Q-and-A with Nikky Finney

By Chase Sanders

Nikky Finney, a UK professor in the English department, recently won a National Book Award in poetry for her work titled, “Head Off & Split.”The nationally recognized book is her fourth collection of poetry.

Less than a week after her highly-praised acceptance speech, Finney participated in an interview with the Kernel to discuss the award and her passion for poetry.

Q: How long have you been a faculty member at the UK?

A: I arrived at the University of Kentucky in 1989. I left and returned in 1993. I’ve been here ever since.

Q: What made you want to work at UK when you first came here?

A: I thought I was coming to the University of Kentucky for only one year. My hope and plan was to try and finish work on my second book, “Rice.” The job that was offered was conducive to the work I wanted to do and the department of English at UK was wonderfully supportive of that.

Q: When you were a child what did you want to be when you grew up, and why?

A: I was a terribly curious child. I still believe my curiosity is what keeps my imagination sparking and alive. I loved many subjects as a child. For some reason I was drawn to dinosaurs and paleontology. I was also deeply interested in anything that had to do with the moon and the stars but I really only wanted to be a writer. I think it was because I knew if I became a writer I wouldn’t have to choose between any of the things I loved. I could incorporate all of my favorite things into my life. I could write about any and everything. I loved books and loved creating characters and worlds with language. I fell particularly in love with poetry in the sixth or seventh grade. I had a teacher who made us learn several poems by heart. I learned my poems and then decided to take it a step beyond leaning another poet’s work. I decided to write and craft my own.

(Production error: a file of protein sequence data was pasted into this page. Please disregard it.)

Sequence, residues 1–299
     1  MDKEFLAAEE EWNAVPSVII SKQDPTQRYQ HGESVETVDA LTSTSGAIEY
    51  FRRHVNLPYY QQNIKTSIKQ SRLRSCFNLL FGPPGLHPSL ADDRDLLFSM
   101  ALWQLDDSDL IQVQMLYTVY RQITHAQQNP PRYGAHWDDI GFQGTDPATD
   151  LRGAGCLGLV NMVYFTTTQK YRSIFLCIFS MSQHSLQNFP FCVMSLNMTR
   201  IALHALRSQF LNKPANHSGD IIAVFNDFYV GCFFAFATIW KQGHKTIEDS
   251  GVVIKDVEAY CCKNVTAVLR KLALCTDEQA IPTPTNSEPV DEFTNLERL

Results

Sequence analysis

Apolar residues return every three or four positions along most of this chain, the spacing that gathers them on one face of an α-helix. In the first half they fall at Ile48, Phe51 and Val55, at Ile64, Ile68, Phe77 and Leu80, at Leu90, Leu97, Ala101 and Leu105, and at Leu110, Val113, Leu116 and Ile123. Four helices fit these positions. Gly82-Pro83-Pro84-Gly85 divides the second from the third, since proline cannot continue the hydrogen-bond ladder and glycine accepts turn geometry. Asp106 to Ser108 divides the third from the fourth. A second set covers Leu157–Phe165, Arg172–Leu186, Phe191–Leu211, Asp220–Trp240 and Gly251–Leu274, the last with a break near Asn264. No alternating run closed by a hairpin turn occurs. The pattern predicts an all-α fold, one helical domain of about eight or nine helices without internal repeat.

Q: What made you want to become a poet / writer / teacher?

A: I think poetry is the most beautiful, honest language that has ever existed on the face of the earth. There are so many different kinds of poetry. There are so many different poetic voices. We, as human beings, reach for poetry when we seek understanding of the difficult moments in life. We also reach for it when we need to try and describe something spectacularly beautiful, special or unusual. Poetry is a way of communicating, purely, emotion and information that also includes music and listening and truth.

Q: What is your favorite piece of literature by an author besides yourself? Why is it your favorite piece?

A: I was a book worm as a girl and I still am. Books spill out of every room in my house and are often stacked high on every floor around me. My life and work has been inspired by the work of many many other writers. I don’t have one favorite author or one piece of work. That list of inspiring authors changes as my life changes. Some of those I am reading now include Rita Dove, Suzanne Gardiner and James Baldwin. I am always re-reading James Baldwin. I look for authors that write beautifully and are not afraid to speak of difficult subjects.

Q: What was your initial reaction once you found out you won the National Book Award for poetry last week?

A: It was a very emotional moment. My mom and dad were with me. Dad is 80 and Mom just turned 78. They don’t travel as much as they use to, so the moment was especially tender for me. That scream that you can hear on the C-SPAN recording after my name is called as the winner is my mom’s. I was stupefied. I was thrilled. I was deeply humbled.

Q: How would you describe “Head Off & Split” in one word? A: Veritas. Q: What type of effect do you hope your most recent achievement will have on students at the University of Kentucky?

A: I hope this solo win for me is a collective open door for others. I would like for students who love writing, but who might not think they can imagine a life as a writer to perhaps think that all things are possible with passion, dedication and hard work. I would like for the creative writing at the University of Kentucky to be cherished and wonderfully celebrated. We have an amazing creative writing program at UK. There are so many strong and beautiful writers in this state. The history of strong and necessary writing has been a part of Kentucky for many generations.

Q: What advice do you have for students who want to become writers when they graduate?

A: Don’t be afraid to get off the beaten path. And read! To write well one must read, read, read. Reading teaches the beginning writer so much. Reading teaches the accomplished writer so much. Reading, not for entertainment, but reading as a professional activity, is a very important component of the education of the writer. Also, it’s important to care about some part of the planet that is being destroyed and/or silenced. Get involved in saving something. Don’t fear the word activist. Don’t hide behind your smart phones or the internet. Explore what it means to be a human being at this particular time in our history.